Blockbuster stores to close

The recently announced Blockbuster store closings will cut about 20% of the firm's stores. Blockbuster plans to replace them with kiosks and smaller stores in more densely populated urban areas. Blockbuster also has a Netflix-style subscription service, but will only one-fifth the customer base of Netflix. Based on my own experience, Blockbuster may have alienated too many customers with their outrageous late fees. They "eliminated" late fees two or three years ago, but replaced them by billing you for the full retail cost of the DVD if it was late. Once you returned it, they credited your account for the DVD, less a "restocking" fee, which, of course, is a late fee by any other name. In practice, the service being sold (watching a movie) is identical no matter which company you get the movie from. So the movie rental business is based 100% on the quality of service. And so this is why Blockbuster is losing--Netflix does not have the late fee baggage of Blockbuster, and Netflix service is great--so great, you don't even think about it. Watching movies may not seem to have much to do with economic development, but communities that don't have their eye on this ball will be losers later, in two different ways. High performance community-owned broadband is the only way some communities are going to get to watch movies over the Internet. Cable companies are just barely keeping up with the bandwidth demands now, but as more homes dump driving to the video store in favor of watching movies on demand, legacy cable and DSL networks are going to begin to influence where people WON'T live. That's right--young professionals don't want to live anywhere now where broadband is not available, and within a couple of years, they won't want to live in communities that only offer "little" broadband--that is, the low performance cable and DSL services. So attracting and keeping the right kind of workforce is a community broadband issue. The second issue is how broadband is changing retail. Video stores have served as anchor tenants in retail shopping districts, as the stores provide a steady and predictable flow of people to a shopping area. As the video stores disappear, what happens to those retail buildings? What happens to the rest of the stores nearby that relied on that traffic? In our broadband planning work, we continue to see too many communities clinging to a 1960s style of retail planning and economic development. Retail is going away entirely, but the combination of big box stores and the Internet has changed it drastically, and few places can lead with retail as an economic revitalization strategy--perhaps none can. Instead, communities need to think more broadly about how to put empty retail locations to new uses, including office space for entrepreneurs, start ups, and established white collar businesses. And the way to start that process is to begin placing duct and fiber in commercial and retail areas. Call Design Nine if you want help with thinking about your retail and economic development strategies.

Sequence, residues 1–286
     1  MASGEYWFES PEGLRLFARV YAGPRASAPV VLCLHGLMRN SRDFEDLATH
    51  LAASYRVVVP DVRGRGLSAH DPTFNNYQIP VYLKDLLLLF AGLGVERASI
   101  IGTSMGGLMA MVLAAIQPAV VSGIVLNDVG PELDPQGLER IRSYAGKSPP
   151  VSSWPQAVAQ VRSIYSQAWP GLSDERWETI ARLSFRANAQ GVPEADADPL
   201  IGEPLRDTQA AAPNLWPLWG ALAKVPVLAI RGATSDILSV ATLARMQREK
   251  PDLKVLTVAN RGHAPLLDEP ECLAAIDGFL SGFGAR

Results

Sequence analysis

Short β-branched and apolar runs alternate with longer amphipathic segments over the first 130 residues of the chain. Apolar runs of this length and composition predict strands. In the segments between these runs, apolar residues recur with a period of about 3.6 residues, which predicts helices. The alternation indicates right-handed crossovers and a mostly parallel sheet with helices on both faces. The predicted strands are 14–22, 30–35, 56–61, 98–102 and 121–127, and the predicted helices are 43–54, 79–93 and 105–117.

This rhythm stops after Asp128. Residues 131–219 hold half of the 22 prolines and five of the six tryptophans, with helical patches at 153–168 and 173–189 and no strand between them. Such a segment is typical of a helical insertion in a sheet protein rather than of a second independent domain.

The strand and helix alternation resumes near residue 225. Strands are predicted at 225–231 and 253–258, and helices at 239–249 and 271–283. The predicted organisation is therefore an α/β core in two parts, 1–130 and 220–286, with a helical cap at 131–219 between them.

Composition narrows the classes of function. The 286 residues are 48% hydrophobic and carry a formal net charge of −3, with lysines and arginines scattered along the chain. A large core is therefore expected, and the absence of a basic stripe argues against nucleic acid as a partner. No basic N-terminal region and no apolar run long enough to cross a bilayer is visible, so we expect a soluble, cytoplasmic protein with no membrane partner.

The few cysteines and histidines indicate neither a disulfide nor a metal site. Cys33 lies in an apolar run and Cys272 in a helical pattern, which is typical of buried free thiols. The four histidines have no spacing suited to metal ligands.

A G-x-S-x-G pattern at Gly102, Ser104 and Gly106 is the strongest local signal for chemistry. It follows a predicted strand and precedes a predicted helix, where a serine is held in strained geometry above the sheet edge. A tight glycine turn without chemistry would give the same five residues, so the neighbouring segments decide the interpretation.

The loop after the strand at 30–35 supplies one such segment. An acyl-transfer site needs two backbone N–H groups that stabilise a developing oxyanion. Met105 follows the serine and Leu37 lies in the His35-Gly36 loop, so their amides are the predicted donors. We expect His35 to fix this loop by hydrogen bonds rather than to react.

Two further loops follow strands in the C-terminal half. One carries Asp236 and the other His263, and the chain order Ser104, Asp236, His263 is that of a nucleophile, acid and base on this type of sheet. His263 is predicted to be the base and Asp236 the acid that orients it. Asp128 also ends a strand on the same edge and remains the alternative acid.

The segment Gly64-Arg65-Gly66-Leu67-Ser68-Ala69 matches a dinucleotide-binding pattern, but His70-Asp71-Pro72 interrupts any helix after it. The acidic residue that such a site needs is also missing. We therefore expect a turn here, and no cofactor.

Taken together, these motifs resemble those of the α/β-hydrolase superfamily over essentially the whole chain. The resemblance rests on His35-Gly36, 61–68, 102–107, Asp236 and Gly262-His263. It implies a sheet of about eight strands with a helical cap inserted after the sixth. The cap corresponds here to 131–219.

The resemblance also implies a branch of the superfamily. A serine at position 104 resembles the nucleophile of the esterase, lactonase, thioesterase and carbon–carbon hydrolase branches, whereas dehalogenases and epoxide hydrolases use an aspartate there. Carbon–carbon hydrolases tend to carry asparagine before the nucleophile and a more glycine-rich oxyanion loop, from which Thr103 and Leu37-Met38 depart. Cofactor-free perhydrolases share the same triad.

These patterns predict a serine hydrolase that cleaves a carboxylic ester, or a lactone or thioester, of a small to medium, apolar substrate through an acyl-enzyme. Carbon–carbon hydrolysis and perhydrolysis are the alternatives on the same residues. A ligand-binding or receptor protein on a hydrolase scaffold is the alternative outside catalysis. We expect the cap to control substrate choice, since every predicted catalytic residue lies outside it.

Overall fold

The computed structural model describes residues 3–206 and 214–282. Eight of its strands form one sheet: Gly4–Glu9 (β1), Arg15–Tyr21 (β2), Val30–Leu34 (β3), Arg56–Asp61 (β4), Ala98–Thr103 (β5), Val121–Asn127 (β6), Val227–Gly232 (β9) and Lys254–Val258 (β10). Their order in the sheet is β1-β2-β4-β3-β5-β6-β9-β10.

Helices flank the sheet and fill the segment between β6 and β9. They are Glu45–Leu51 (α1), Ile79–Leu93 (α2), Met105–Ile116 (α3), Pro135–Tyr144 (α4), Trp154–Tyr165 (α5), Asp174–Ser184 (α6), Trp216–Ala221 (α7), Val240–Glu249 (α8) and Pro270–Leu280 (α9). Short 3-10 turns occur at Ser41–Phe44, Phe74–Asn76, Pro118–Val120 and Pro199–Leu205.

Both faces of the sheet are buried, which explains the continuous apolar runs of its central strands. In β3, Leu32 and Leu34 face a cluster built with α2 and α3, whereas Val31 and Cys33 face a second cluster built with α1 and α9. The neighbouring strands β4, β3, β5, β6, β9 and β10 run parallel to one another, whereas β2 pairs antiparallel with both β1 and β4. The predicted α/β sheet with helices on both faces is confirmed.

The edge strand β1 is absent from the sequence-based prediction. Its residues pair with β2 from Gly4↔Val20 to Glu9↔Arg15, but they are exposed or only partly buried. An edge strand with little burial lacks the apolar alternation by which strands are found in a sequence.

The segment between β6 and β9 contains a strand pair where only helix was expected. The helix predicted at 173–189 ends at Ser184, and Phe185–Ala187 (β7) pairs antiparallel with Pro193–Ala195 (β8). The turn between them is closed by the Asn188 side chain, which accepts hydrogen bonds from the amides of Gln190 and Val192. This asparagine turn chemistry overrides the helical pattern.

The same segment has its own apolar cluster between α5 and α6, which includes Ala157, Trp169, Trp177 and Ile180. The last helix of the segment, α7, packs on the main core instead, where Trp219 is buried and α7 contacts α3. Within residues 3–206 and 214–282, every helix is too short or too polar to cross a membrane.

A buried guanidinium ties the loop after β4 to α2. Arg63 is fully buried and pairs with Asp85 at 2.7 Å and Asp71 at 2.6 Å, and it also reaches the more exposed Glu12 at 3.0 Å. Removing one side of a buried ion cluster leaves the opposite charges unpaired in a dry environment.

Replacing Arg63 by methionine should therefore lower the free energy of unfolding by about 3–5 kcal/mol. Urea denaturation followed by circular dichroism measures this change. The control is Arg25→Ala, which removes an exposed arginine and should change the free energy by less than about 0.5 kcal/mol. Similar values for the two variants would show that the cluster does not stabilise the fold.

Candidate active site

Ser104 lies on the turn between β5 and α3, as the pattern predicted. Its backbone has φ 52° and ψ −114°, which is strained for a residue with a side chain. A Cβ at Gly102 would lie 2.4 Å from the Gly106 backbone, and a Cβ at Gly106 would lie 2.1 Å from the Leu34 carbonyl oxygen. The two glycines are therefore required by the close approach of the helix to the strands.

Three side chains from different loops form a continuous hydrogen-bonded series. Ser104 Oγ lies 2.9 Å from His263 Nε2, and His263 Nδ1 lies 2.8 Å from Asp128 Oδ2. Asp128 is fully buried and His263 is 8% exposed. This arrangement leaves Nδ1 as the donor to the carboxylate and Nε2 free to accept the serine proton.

Knowledge Democracy:


We quit using Blockbuster years ago, because of the fees. We started using Netflix, and it is the best creation for watching movies. One of our DVD's got lost in the mail on the return trip, and Netflix just removed it from our list of checked-out items and sent the next, since we had a good history of returning the movies (Blockbuster would never, ever do that). We actually found it later, it turned out that instead of sending it back, it fell between the seats of our car and got temporarily lost...but we mailed it back and called to let them know, they appreciated it. We still rent a few movies from Hollywood, but it's on average less than once per month. Paying $4-5 for one movie a month, versus $10 or $15 for nearly a dozen, the math doesn't work in any movie rental store's favor. For broadband issues, we got burned when we built our home. At first, Verizon said we could get DSL service based on our address. After building the house and working to set up the service, we were told that no, we could not get it. However, for the first year, we could pick up on our neighbor's wireless router...connected to Verizon's DSL. That was infuriating, and we still can't get the service. We used Citizens Mobile Broadband, and it worked great...then they shut it down. We were forced to go with Hughes Net, which works well, but the bandwidth caps are a major drag and prevent doing any streaming or movies on demand. We can't even do VoIP because of the time-delay issues. Even now, the best option we have is cellular-based broadband, and most of those still have monthly cap limits (Citizens did not, maybe that's why they shut it off). So, we're stuck with cruddy internet until someone invests in our community, which is not likely for the foreseeable future. We can't get gas service extended to us, or truly digital cable, or even why would we ever get Fios or some other high-quality broadband? Needless to say, we tend to do most of our major internet stuff at work, or at WiFi hotspots. I can completely see why that will influence residential settling patterns.